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Home :: Finger Dislocation

Finger Dislocation

Injury to any finger joint so that adjoining bones are displaced from their normal position and no longer touch each other. Fractures and ligament sprains frequently accompany this dislocation. Finger dislocations are a common problem for athletes.

There are 3 areas where finger dislocations occur:

  1. Distal interphalangeal joints are the finger knuckles closest to the fingernails. Most of these dislocations are due to trauma and often there is an open wound at the locations of the dislocation.
  2. Proximal interphalangeal joints are the middle knuckles of the fingers. Most often these are known as "jammed finger" when athletes bend their fingers backward in contact with balls or other players.
  3. Metacarpophalangeal joints are the joints within the hand where the hand connects to the fingers. Dislocations in these joints are less common because these joints are more stable. If dislocations do occur, most likely the index or little finger is affected.

BODY PARTS INVOLVED

  • Any of the many finger bones.
  • Ligaments that hold finger bones in place.
  • Soft tissue surrounding the dislocation site, including periosteum (covering to bone), nerves, tendons, blood vessels and connective tissue.

Causes

  • Direct or indirect blow to the hand, finger or thumb.
  • End result of a severe finger sprain.
  • Congenital abnormality, such as a shallow or malformed joint surface.

Signs & Symptoms

  • Excruciating pain in the finger at the time of injury.
  • Loss of function in the dislocated joint.
  • Severe pain when attempting to move the injured finger.
  • Visible deformity if the dislocated finger has locked in the dislocated position. Bones may spontaneously reposition themselves and leave no deformity, but damage is the same.
  • Tenderness over the dislocation.
  • Swelling and bruising at the injury site.
  • Numbness or paralysis beyond the dislocation from pinching, cutting or pressure on blood vessels or nerves.

Treatment

Follow your doctor's instructions. Instructions are supplemental.

  • RICE: Rest the finger until Day 5 when you should start gentle motion exercises, apply Ice to finger (not directly onto skin) for 20 minutes up to 3 times a day for 2 days, Compression - Wrap an elastic compression bandage around the finger to limit swelling, Elevate the involved hand above the level of the heart as much as possible for the first few days or until there is decreased swelling (will help drain fluid and reduce swelling).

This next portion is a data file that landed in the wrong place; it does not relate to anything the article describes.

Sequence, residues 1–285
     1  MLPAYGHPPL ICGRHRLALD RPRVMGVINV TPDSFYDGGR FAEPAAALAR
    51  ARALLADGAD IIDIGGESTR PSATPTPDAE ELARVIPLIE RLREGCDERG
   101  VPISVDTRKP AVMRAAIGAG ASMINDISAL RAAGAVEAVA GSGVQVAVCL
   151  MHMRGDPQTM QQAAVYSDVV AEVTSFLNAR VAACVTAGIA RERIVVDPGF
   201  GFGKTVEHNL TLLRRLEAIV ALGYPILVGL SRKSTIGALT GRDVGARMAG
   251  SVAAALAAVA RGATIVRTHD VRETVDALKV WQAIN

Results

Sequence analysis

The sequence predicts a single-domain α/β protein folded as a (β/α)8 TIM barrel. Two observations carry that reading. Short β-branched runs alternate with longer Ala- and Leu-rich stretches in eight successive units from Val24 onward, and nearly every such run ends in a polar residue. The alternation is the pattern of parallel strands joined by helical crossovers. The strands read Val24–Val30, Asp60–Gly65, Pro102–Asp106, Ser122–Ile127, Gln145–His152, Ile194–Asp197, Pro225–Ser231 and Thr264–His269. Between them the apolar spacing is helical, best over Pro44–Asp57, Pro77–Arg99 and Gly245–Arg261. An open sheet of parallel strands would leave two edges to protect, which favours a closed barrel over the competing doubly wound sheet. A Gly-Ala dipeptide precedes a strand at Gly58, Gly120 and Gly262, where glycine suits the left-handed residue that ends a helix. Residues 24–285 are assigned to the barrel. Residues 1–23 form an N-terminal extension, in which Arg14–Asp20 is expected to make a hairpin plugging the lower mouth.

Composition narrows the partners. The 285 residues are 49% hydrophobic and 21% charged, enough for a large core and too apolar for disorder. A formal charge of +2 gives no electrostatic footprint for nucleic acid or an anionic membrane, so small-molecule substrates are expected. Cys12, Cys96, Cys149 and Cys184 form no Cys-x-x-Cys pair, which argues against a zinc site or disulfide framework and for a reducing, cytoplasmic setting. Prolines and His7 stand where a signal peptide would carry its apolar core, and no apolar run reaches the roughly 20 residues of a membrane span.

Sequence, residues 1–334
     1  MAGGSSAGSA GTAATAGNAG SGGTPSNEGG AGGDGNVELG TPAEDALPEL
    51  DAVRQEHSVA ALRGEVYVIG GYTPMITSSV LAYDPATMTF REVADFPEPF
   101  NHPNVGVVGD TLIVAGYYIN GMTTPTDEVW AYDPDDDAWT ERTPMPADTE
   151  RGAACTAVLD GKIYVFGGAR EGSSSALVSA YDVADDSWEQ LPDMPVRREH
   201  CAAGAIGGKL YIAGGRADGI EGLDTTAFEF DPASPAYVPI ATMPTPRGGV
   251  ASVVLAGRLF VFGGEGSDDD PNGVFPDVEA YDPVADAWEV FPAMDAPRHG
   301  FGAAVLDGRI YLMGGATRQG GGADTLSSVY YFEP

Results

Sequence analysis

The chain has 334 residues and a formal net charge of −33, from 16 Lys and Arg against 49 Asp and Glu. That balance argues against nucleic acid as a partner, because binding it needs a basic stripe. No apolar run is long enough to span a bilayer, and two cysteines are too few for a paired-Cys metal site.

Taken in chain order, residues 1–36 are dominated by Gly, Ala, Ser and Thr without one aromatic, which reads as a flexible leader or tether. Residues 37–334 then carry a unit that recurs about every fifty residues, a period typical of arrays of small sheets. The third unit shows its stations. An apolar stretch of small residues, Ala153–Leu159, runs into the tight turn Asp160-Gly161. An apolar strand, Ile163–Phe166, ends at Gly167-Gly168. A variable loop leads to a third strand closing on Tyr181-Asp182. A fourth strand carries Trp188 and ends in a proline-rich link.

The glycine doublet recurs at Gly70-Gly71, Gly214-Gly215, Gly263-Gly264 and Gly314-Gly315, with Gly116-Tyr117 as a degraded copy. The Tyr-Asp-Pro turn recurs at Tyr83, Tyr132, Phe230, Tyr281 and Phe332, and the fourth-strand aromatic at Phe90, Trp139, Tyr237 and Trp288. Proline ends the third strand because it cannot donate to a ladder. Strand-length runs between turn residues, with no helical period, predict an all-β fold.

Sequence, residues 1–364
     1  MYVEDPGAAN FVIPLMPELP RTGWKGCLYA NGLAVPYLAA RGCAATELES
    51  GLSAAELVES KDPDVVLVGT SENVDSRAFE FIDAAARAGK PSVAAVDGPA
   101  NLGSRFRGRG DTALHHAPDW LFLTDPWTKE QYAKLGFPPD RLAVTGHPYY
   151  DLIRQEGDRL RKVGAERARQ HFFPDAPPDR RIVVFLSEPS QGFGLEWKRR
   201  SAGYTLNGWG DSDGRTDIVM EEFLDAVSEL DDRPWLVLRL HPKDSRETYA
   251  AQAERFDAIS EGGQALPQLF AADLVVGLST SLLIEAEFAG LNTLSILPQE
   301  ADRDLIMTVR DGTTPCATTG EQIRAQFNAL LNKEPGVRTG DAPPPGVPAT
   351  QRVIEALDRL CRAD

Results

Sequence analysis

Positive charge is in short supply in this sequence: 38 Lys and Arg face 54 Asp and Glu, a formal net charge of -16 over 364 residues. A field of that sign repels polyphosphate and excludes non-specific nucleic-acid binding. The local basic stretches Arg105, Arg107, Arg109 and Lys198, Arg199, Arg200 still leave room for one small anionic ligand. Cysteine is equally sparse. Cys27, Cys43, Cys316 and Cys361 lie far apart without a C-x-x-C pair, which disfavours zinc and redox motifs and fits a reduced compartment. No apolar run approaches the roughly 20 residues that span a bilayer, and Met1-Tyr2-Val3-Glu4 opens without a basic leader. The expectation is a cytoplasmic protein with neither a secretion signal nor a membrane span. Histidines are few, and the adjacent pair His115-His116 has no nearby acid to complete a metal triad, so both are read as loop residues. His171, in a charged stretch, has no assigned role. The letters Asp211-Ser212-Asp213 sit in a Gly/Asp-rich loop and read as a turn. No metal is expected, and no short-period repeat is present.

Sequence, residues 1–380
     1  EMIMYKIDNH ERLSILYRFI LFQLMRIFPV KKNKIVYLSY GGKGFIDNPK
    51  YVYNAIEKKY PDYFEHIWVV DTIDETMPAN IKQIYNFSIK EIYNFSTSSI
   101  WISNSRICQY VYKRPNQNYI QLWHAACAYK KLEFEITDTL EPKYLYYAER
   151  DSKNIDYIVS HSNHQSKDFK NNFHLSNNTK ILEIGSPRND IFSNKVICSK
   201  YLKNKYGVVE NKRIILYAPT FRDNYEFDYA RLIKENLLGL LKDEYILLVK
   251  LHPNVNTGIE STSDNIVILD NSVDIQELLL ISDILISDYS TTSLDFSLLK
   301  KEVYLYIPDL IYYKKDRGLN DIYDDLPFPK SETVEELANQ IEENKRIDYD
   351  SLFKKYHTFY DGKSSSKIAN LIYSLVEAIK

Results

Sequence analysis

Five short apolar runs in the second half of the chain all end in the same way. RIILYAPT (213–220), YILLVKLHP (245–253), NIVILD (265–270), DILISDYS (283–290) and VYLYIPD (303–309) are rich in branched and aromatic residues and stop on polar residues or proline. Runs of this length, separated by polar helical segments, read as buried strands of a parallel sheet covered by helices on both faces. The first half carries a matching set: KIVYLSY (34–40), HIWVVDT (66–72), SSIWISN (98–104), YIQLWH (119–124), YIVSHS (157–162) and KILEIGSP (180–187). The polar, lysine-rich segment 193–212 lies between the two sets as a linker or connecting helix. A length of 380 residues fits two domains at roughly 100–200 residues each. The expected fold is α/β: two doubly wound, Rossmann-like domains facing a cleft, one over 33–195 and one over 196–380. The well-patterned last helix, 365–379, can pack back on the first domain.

• Use ice soaks 3 or 4 times a day. Fill a bucket with ice water, and soak the injured area 20 minutes at a time.
  • Apply heat if it feels better. Use heat lamps, hot soaks, hot showers, heating pads, or heat liniments and ointments.
  • Tape the injured finger to adjacent fingers.
  • Massage gently and often to provide comfort and decrease swelling.

Self-Care at Home

It is not recommended that you treat a dislocated finger at home. A visit to your doctor or the emergency department is usually necessary.

  • If you have a dislocated finger, the finger will swell. To prevent further injury to the finger, immediately remove any jewelry, such as rings.
  • Apply an ice pack to your injured finger and elevate the hand above the level of your heart.

Home Diet

  • Drink only water before manipulation or surgery to correct the dislocation. Solid food in your stomach makes vomiting while under anesthesia more hazardous.
  • During recovery, eat a well-balanced diet that includes extra protein, such as meat, fish, poultry, cheese, milk and eggs.
Prevention Tips
  • To prevent a recurrence, protect vulnerable joints after healing with protective devices or tape.
  • Wear protective gloves when possible.
  • Develop a high level of muscle strength and conditioning, including the hand area.
  • Remove rings or other jewelry before participating in athletic events and when working with your hands, particularly around machinery.
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